Rdm01 presentation january 2014


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Rdm01 presentation january 2014

  1. 1. Setting the Scene: Boundaries Science/ art Body/ mind (Cartesian duality) Political/ economic/ class Gender/ sexuality/ age Ethnic/ colour/ religious
  2. 2. (How) can creative process be used to investigate a personal experience of bipolar disorder? Diana Brighouse MRes student
  3. 3. personal experience Why? methodologies medicine comparative spirituality psychotherapy mental health fine art
  4. 4. Literature review – background reading shows three main areas to address • Creative process • definition (fine art based, not design or advertising or business) • process rather than ‘creativity’ (Redfield Jamison, 1996) • creative process in research or as research method? • Bipolar disorder • definition/ diagnosis • models of mental illness (medical/biological v. psychosocial/environmental) • geography (Western models, UK not US) • Methodologies • Clash of positivism and interpretivism – is there a middle way?
  5. 5. Literature review – key preliminary texts • McGettigan, A, (2011). Art Practice and the Doctoral Degree. Afterall Online. http://www.afterall.org/online/art-practice-and-the-doctoral-degree • Vaughan, K., (2008). Pieced together: Collage as an artist’s method for interdisciplinary research. International Journal of Qualitative Methods, 4(1), 27–52. • Lieberman, JA, (2013). DSM-5: Caught between Mental Illness Stigma and AntiPsychiatry Prejudice | MIND Guest Blog, Scientific American Blog Network: http://blogs.scientificamerican.com/mind-guest-blog/2013/05/20/dsm-5-caught-between-mentalillness-stigma-and-anti-psychiatry-prejudice/ • Szasz T, (2010). The Myth of Mental Illness. Harper Collins • Anderson, L. (2006). Analytic Autoethnography. J Contemporary Ethnography (35);4: 373-395 • Denzin, N, (2014). Interpretive Autoethnography (Qualitative Research Methods). Amazon: Kindle e-book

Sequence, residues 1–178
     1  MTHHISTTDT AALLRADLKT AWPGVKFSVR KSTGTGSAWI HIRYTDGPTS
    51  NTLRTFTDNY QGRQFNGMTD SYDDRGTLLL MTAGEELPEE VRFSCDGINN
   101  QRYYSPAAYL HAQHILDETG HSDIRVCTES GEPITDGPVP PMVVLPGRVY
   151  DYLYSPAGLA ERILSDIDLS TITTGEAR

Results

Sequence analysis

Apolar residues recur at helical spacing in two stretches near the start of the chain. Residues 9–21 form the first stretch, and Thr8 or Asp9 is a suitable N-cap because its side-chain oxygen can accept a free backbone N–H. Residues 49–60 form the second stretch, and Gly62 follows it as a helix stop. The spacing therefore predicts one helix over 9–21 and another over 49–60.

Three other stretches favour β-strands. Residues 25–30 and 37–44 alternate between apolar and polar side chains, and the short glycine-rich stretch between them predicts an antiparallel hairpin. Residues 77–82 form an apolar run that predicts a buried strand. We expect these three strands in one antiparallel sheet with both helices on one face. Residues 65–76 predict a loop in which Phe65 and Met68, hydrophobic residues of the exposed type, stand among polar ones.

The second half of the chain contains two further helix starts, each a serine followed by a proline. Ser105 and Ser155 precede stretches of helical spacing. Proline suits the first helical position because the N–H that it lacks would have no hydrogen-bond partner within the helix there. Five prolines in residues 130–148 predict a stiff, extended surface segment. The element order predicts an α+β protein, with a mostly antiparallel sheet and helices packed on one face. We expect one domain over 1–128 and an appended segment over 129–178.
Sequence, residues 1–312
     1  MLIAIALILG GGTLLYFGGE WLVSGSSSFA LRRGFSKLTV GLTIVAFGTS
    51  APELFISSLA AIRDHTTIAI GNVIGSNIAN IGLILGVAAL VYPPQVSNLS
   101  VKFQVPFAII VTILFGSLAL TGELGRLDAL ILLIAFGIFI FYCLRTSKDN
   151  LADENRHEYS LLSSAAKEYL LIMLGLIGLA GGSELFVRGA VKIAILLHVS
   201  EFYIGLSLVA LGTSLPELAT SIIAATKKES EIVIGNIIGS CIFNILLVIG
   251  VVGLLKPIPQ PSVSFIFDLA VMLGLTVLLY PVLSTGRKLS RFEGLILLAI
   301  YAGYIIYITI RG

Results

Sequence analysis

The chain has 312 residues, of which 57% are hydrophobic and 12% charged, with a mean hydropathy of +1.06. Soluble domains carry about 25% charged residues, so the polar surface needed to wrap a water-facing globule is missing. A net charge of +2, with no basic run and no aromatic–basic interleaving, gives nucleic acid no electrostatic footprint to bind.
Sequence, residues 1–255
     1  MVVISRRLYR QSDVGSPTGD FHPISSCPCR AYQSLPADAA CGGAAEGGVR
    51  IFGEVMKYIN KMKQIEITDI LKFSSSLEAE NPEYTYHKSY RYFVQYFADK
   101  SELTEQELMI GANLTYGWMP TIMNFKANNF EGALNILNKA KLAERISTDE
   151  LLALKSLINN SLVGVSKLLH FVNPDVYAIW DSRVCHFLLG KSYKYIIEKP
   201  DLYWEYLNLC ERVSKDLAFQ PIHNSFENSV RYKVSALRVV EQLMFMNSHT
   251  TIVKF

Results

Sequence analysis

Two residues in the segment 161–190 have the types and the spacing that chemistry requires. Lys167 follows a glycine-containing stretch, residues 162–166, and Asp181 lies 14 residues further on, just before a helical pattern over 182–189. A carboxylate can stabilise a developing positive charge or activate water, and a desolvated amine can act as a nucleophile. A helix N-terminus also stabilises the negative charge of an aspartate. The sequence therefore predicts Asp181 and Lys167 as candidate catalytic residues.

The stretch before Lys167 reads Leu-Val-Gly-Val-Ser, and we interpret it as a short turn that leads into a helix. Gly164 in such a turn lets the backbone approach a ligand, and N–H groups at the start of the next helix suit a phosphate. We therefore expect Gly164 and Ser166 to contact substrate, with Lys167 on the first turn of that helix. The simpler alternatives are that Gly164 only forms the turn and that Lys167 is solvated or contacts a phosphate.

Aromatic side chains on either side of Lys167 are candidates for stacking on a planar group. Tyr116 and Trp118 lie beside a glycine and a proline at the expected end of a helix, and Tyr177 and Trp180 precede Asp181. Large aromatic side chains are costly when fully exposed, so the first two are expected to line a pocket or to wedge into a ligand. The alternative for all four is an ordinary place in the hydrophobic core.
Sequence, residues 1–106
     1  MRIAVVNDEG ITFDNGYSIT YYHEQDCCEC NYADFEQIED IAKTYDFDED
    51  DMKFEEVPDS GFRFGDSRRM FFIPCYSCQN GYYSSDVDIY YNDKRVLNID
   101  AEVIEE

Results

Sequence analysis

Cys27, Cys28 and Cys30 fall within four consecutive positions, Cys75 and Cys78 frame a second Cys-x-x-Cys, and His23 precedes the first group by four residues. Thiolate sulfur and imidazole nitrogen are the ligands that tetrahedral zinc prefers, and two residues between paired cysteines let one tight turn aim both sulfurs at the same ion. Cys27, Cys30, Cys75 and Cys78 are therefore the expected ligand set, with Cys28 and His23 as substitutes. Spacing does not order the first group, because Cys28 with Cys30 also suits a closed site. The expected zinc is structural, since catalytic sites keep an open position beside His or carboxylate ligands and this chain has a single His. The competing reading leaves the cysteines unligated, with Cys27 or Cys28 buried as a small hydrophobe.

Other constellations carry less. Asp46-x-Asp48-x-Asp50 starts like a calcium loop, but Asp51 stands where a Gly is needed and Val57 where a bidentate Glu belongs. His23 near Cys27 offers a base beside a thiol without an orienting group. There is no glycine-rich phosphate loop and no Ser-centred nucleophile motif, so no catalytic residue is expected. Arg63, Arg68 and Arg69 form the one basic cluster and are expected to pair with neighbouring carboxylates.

6. 6. Literature review – preliminary texts (2) • Allen-Collinson, J, (2013). Autoethnography as the engagement of self/other, self/culture, self/politics, selves/futures, in Holman-Jones, Adams, Ellis (eds), Handbook of Autoethnography 281-299: Left Coast Press • Bochner, AP, Ellis, C, (eds) (2002). Ethnographically Speaking. Amazon: Kindle e-book • Ellis, C, Bochner, A, (2000). Autoethnography, Personal Narrative, Reflexivity: Researcher as Subject, in Denzin, Lincoln (eds), Handbook of Qualitative Research 2nd edition, 733-764: Sage Publications • Ngunjiri, FW, Hernandez, K-A, Chang, H, (2010). Living Autoethnography: Connecting Life and Research. J. Research Practice (6); 1: E1 • Ruiz-Junco, N, Vidal-Ortiz, S, (2011). Autoethnography: The Sociological Through the Personal, in Zake, DeCesare (eds), New directions in sociology: essays on theory and methodology in the 21st century, 193-211: McFarland & Co
  7. 7. Autoethnography Autoethnography is a form of qualitative research where the researcher explores his or her own experience as a focus of investigation. It acknowledges the power of the researcher to explore his or her own life more closely than others are able to. It connects the personal story to the participatory cultures while engaging the reader to share in the vibrancy of the experience. (Keefer, 2009)